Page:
The claims do not recite a generic computer system and, like those claims upheld in DDR Holdings, are “rooted” in non-abstract computer technology. We agree with Patent Owner that the claims are not directed generically to organizing and storing data, but instead to the particular use of streams and substreams. We note that the district judge in the pending district court litigation reached the same conclusion.

The Board went on to explain that in addition to considering the Federal Circuit’s recent ruling in Enfish, the Board also considered the even more recent ruling in In re TLI Communications LLC Patent Litigation. The Board also specifically noted that it placed no significance on the fact that the claims at issue in Enfish were written in means-plus-function format because claim format is not a determining factor in a 101 analysis, citing TLI.

For more on the Enfish decision please see:

The Author

Gene Quinn

Gene Quinn is a Patent Attorney and Editor and President & CEO ofIPWatchdog, Inc.. Gene founded IPWatchdog.com in 1999. Gene is also a principal lecturer in the PLI Patent Bar Review Course and Of Counsel to the law firm of Berenato & White, LLC. Gene’s specialty is in the area of strategic patent consulting, patent application drafting and patent prosecution. He consults with attorneys facing peculiar procedural issues at the Patent Office, advises investors and executives on patent law changes and pending litigation matters, and works with start-up businesses throughout the United States and around the world, primarily dealing with software and computer related innovations. is admitted to practice law in New Hampshire, is a Registered Patent Attorney and is also admitted to practice before the United States Court of Appeals for the Federal Circuit. CLICK HERE to send Gene a message.

Warning & Disclaimer: The pages, articles and comments on IPWatchdog.com do not constitute legal advice, nor do they create any attorney-client relationship. The articles published express the personal opinion and views of the author and should not be attributed to the author’s employer, clients or the sponsors of IPWatchdog.com. Read more.

Discuss this

There are currently 6 Comments comments.

  1. Appearance of ... May 26, 2016 4:27 pm

    Humm… maybe Einfish has “legs” after all!

    Thank you. I will be here all week.

  2. Gene Quinn May 26, 2016 5:01 pm

    Fish has legs… oh my… for patent humor that is probably about as good as we can hope! Still, made me chuckle, at least a little.

  3. Curious May 27, 2016 12:35 am

    A covered business method patent is “a patent that claims a method or corresponding apparatus for performing data processing or other operations used in the practice, administration, or management of a financial product or service.”
    How is this even conceivably a “covered business method”? After reading the specification, one example of the stream of data units is the presentation of stock/financial information. However, it is a stretch to say that presenting information about a stock price is the “practice, administration, or management of a financial product or service.” Under this interpretation, any claim directed to presenting information (downloaded from the internet) on a computer is a covered business method since this information could conceivable be stock prices.

    Oh, I forgot … this is the USPTO — nothing constitutes a stretch for the USPTO.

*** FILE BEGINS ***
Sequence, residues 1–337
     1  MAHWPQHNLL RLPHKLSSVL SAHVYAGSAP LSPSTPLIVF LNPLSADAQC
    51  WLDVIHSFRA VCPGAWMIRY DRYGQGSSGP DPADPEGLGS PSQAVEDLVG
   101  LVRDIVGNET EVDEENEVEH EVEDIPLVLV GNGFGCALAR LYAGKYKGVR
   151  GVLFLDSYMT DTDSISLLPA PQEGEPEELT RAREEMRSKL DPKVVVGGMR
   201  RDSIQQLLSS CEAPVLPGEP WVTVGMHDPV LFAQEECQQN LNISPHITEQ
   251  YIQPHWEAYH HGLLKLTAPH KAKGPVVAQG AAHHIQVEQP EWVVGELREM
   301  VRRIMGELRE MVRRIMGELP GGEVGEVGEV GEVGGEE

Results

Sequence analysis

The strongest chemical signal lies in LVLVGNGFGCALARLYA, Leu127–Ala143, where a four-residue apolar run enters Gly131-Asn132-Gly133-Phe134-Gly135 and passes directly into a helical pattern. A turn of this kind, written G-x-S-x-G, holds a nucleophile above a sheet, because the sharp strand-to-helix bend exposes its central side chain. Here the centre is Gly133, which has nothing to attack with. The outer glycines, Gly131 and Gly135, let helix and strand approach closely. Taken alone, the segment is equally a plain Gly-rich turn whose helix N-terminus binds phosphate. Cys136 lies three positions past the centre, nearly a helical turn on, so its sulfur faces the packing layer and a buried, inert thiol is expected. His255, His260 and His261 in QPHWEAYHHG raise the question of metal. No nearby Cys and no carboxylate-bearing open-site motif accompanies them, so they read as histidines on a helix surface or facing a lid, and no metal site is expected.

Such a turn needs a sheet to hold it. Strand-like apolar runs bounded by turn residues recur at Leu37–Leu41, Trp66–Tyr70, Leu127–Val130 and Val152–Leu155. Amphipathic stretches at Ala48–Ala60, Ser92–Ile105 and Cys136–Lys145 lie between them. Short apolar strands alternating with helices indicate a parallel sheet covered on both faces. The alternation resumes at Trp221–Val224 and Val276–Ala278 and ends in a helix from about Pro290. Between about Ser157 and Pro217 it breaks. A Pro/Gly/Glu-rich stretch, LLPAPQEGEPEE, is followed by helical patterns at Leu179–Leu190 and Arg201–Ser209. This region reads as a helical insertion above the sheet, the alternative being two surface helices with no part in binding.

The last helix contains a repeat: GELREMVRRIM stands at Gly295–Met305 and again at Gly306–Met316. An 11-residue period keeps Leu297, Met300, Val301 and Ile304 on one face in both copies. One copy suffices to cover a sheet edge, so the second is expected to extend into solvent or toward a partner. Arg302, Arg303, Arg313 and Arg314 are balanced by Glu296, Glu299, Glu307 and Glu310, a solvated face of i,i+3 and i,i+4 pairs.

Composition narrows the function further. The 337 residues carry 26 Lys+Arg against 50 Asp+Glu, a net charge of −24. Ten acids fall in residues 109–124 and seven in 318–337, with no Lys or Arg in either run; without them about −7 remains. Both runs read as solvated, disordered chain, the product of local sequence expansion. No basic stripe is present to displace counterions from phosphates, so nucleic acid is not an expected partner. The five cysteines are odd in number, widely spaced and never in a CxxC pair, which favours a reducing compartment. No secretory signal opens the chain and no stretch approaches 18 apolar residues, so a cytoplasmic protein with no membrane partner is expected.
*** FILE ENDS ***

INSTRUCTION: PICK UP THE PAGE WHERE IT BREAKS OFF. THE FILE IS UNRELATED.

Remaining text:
4. EG May 27, 2016 8:22 am

    Hey Gene,

    Like IPRs, Congress should have never enacted these CBM patent provisions.

  5. Eric Berend May 27, 2016 9:01 am

    As a primarily electrical-mechanical inventor, I am still quite aghast at the software-centric emphasis, of the vast majority of the concentration and successful efforts to undermine U.S. patent jurisprudence and replace it with this enormous ‘AIA’ racket masquerading as U.S. Constitutional due process.

    It is clear that with regards to the physicals, software-centric ‘damn the torpedoes, full speed ahead’ motivation of so-called “reforms”, has been wrought with utter recklessness as to the collateral effects upon other forms of patent-eligible inventions; or, indeed, with deliberate calculation as to these deleterious effects.

    Incidental harm owing to the complexity of a related domain of applicability is one thing; but for these details to so precisely and simultaneously disempower the individual inventor and deliver a ‘laundry list’ of benefits to infringers, is far from “paranoid”: these are the deliberate, premeditated actions of an enemy.

    As I have recently advocated in comments posted to another article here on IPWatchdog.com, the U.S. Patent system is now an utterly broken fraudulent racket operated for the benefit of wealthy infringers; and is, in fact, sinister to individual inventors; and should therefore, be abolished entirely. In such a scenario, at least I will be able to steal their IP just as readily and well as these corrupt, empowered infringers.

    Said abolishment is not my preferred situation; I advocate for the legitimate compact elucidated in the U.S. Constitution, Article I, Section 8, Clause 8. However it is dubious as to whether any part of that original bargain can be restored, within my lifetime.

  6. Ternary May 27, 2016 10:46 am

    And the mess continues. While there is some indication that the PTAB is coming to their senses, as in this article, I read:
    “A majority of the Board did not agree, however, saying that whether claims do not need to be limited by express language to a financial product or service, but rather that the claims must only be broad enough to cover a financial product or service.”

    What the PTAB is saying is that any technical improvement of a computer can likely be applied to a financial product or service and thus meets a CBM requirement. And in a next step the PTAB considers if a technical improvement to the computer is really a technical improvement to a computer.

    The statute clearly exempts “technical improvements: from CBM review, while the PTAB now brings it into the review, clearly with the intent to apply Alice. They then try to kill the claims on “abstract idea” but are eventually convinced that the claims are not an abstract idea, but are indeed computer-related technology improvements, so the claims do not cover a CBM, which should have been the decision right from the start.

    The CBM is a procedure particularly related to financial products. I see none of that intent in this case.